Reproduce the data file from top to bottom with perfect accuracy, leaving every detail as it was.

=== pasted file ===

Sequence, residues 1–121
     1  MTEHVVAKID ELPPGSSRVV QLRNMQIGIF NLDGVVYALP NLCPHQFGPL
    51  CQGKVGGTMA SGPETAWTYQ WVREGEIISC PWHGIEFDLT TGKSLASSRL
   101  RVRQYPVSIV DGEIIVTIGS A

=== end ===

Sequence, residues 1–121
     1  MTEHVVAKID ELPPGSSRVV QLRNMQIGIF NLDGVVYALP NLCPHQFGPL
    51  CQGKVGGTMA SGPETAWTYQ WVREGEIISC PWHGIEFDLT TGKSLASSRL
   101  RVRQYPVSIV DGEIIVTIGS A